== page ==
I came really really close you guys I finished with $7,506.03 in dividend income. In 2018 I finished with $5,994.57 so I achieved growth of 25.2%. I will take that growth anytime 🙂 Even though I didn’t reach my goal I am very happy with the income growth. Hopefully I can keep it up in 2020.

Goal: Invest $15,000 In My Tax Free Savings Account        Result:     Fail

Over the last couple of years I have been focusing more and more of my investing into my TFSA account. The reason for this is because the money is tax free if I ever need to withdraw it. Whereas with my other two investing accounts (RRSP and LIRA) I will be taxed once I withdraw that money. So my current plan is to max out my TFSA account before focusing on the RRSP. When tallying up all of my contributions throughout 2019 I only invested $6,223.60 in my TFSA, it felt like so much more so I had a big miss for this goal.


Goal: Lose 25 Pounds       Result:     Fail

I failed at this goal as well. Early on in the year I weighted 224 pounds, when I went to the doctor’s office in August I found out I had gained 17 pounds. I was very disappointed with this news because I had been walking back and forth to work (35 mins each way) during the summer I thought that would help lose more weight. So a couple months after that appointment I kind of pouted (no better word for it) and went a little crazy with the foods I ate and drinks I consumed. I haven’t looked at the scale lately in fear that I gained a lot of weight, but now I am behaving better and incorporating more fruit into my diet and watching what time I eat. Hopefully 2020 I can get back to losing the weight I put on.

Goal: Walk A Min Of 70,000 Steps Per Week       Result:      Success

This was an easy success for me, when setting this as a goal I didn’t know how many steps I was during per day at work and on the treadmill at home. I was usually averaging around 17,000 per day so way over my goal.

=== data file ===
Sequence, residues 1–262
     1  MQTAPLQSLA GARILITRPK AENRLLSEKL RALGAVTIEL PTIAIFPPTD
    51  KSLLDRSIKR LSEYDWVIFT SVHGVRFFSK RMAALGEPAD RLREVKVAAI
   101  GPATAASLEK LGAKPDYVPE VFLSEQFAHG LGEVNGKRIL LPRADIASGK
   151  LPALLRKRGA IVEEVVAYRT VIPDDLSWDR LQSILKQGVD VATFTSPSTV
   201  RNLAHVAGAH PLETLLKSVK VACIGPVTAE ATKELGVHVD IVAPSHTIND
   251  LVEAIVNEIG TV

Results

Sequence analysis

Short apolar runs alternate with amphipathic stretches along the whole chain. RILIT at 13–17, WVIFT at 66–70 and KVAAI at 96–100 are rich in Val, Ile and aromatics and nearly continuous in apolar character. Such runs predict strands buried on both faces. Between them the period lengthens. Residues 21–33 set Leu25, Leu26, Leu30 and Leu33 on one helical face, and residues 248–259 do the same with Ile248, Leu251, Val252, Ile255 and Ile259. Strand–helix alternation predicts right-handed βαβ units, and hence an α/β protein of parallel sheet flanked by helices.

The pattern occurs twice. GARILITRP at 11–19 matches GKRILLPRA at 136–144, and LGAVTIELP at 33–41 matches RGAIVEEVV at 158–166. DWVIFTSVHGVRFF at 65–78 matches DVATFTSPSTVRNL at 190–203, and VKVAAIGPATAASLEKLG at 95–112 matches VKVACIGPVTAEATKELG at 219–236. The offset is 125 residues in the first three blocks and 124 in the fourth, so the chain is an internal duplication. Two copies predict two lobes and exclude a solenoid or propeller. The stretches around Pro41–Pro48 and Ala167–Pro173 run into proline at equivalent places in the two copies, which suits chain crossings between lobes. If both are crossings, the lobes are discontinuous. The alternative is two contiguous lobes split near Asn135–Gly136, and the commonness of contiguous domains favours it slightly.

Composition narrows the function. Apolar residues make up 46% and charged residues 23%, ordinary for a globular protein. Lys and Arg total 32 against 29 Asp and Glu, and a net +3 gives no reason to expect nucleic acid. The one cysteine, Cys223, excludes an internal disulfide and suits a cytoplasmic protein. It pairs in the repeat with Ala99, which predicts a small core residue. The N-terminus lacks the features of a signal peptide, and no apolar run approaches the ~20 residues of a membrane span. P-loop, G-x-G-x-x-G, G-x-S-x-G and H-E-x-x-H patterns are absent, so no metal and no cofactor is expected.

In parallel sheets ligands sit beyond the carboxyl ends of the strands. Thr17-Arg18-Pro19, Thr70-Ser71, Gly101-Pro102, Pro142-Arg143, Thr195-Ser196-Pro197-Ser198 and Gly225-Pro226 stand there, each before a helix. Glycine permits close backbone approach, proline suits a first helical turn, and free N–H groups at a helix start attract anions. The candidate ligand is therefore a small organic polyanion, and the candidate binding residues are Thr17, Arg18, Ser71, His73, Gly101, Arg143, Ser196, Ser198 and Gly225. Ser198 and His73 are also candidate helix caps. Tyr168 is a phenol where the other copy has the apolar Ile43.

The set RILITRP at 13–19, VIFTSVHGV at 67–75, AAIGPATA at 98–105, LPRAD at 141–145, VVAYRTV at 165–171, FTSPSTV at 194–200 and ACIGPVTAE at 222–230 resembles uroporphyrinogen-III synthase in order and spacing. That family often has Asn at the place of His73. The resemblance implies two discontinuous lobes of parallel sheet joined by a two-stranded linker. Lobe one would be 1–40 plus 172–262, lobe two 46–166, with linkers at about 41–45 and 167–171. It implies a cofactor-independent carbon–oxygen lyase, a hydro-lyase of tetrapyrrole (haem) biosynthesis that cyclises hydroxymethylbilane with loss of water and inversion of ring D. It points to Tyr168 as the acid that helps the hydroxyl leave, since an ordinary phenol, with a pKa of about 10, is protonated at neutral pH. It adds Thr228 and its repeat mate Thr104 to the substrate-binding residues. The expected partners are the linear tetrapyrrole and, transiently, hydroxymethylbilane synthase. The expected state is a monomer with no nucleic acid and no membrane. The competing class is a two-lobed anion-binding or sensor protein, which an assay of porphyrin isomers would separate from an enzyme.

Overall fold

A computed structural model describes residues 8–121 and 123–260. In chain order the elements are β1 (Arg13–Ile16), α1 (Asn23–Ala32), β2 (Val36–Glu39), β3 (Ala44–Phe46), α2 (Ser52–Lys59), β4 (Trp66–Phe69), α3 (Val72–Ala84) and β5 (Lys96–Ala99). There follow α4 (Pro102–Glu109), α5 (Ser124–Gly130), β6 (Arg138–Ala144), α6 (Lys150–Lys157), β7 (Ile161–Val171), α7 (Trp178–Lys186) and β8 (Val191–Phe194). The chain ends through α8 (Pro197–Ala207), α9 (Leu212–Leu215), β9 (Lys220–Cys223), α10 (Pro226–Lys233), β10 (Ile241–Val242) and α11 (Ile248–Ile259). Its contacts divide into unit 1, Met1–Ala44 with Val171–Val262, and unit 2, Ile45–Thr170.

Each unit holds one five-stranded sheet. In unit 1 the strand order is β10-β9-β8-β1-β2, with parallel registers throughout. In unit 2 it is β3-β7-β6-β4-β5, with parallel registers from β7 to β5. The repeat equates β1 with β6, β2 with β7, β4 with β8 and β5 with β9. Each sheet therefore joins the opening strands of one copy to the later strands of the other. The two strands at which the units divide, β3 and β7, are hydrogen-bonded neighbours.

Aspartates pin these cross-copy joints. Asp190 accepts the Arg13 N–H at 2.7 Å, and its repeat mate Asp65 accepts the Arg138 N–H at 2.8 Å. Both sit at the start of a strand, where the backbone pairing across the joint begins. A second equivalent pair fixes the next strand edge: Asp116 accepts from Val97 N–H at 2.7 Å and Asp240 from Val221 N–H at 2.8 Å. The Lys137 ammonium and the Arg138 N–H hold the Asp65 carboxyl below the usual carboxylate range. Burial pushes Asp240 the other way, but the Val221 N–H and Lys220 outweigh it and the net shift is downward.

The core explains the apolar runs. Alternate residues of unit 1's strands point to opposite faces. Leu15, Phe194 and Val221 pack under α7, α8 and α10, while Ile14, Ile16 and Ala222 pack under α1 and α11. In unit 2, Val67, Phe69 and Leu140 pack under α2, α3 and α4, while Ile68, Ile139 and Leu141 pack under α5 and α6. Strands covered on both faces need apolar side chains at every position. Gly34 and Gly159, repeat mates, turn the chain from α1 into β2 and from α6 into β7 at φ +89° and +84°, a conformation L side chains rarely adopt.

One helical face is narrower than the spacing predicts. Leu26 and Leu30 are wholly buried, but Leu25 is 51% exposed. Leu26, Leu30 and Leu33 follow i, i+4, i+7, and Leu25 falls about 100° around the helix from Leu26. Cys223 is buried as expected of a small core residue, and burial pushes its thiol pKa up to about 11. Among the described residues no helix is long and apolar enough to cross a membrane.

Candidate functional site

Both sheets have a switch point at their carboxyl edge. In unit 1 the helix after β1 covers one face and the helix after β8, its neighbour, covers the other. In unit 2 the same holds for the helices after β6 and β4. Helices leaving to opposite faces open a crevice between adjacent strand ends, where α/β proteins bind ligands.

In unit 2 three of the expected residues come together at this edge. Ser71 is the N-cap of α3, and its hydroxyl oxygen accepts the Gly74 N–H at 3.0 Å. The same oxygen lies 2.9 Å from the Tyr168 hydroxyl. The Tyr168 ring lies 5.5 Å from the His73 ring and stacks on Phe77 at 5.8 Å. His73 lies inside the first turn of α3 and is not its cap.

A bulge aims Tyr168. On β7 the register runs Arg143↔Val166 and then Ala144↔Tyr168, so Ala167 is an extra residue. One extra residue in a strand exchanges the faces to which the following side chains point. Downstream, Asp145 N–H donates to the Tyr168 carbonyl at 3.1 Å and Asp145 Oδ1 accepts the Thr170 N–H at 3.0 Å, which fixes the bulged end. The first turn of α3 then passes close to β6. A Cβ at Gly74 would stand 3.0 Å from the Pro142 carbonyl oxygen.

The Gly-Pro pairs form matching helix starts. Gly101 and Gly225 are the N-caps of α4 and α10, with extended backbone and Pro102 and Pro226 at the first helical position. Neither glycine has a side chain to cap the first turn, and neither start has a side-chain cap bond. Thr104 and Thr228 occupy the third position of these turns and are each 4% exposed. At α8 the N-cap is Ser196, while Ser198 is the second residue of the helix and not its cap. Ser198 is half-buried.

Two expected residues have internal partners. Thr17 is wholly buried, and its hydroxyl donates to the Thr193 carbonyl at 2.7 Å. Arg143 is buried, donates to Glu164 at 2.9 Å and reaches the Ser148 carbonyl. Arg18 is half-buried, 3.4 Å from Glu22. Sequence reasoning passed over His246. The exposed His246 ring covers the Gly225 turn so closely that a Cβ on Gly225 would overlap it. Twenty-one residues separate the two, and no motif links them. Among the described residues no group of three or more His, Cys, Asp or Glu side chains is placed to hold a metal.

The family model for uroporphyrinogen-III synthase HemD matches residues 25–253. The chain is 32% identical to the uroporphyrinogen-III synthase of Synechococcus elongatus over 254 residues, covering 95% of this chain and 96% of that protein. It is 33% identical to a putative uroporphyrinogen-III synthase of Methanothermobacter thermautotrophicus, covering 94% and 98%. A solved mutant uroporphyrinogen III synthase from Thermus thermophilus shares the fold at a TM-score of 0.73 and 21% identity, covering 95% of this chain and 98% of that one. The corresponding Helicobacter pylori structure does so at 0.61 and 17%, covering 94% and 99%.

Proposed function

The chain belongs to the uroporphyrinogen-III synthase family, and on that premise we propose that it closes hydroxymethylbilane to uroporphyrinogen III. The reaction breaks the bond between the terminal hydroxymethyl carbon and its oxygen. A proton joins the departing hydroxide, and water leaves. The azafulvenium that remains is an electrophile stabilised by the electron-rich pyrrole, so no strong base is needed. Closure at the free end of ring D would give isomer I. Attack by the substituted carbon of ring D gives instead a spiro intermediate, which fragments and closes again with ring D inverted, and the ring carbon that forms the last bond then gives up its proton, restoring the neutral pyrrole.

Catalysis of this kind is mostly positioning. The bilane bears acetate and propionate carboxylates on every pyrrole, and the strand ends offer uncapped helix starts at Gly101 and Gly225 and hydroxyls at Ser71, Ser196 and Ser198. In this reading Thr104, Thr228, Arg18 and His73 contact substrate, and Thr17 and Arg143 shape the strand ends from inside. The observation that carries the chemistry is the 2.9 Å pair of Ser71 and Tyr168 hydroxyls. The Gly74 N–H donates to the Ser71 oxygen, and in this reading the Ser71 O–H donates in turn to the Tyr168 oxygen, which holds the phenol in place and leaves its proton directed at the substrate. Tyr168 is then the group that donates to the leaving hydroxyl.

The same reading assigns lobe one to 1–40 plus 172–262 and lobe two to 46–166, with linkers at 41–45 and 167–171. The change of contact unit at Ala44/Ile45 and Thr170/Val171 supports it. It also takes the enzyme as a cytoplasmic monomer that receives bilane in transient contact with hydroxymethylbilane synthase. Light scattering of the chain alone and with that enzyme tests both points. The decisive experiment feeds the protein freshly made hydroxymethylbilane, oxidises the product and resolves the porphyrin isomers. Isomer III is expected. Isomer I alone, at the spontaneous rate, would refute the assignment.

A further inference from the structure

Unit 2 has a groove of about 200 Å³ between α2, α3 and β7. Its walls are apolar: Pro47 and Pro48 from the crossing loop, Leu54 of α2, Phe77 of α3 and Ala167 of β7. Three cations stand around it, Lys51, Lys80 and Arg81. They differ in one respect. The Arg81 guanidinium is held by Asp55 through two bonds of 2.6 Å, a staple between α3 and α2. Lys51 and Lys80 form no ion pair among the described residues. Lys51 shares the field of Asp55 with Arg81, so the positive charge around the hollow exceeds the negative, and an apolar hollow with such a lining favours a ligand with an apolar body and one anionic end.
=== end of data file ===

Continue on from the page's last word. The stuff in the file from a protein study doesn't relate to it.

So looking back at all my goals I was only only able to achieve three which is disappointing. I feel pretty good about my savings goals I was able to become debt free which means I will have more money in 2020 going towards saving and investing which helps future me.

So how did you guys do with your goals? Please feel free to let me know below.

Thanks for reading






11 thoughts on “2019 Goals Review

  1. Nice Matt.

    You increased your income a tonne and became debt free. Too massive achievements.

    The one tracked mind can be good if its focused on the right area. ie you paying off that debt.

    It’s all good if you /we dont hit all the goals we set out. Growth and progress is what it’s all about. And other than the weight loss goal seems like good progress.

    Weight loss may be a goal for me in 2020, I’m not as tigght as I’d like to be. Snacking at night is a big weakness for me. Like you mentioned it’s all about habit and mindset.

    anyways keep it up Matt

    Liked by 1 person

  2. Matthew,

    Overall it still looks like a pretty successful year for you. We’re working hard on becoming debt free except our house which I’m pretty excited about although there’s still ~$17k to go so it won’t be a quick journey, especially with our current plans for 2020 that will mean much less income and less savings/investing capabilities but much better improvement in quality of life/ work/life balance. Best of luck in 2020!

    Liked by 1 person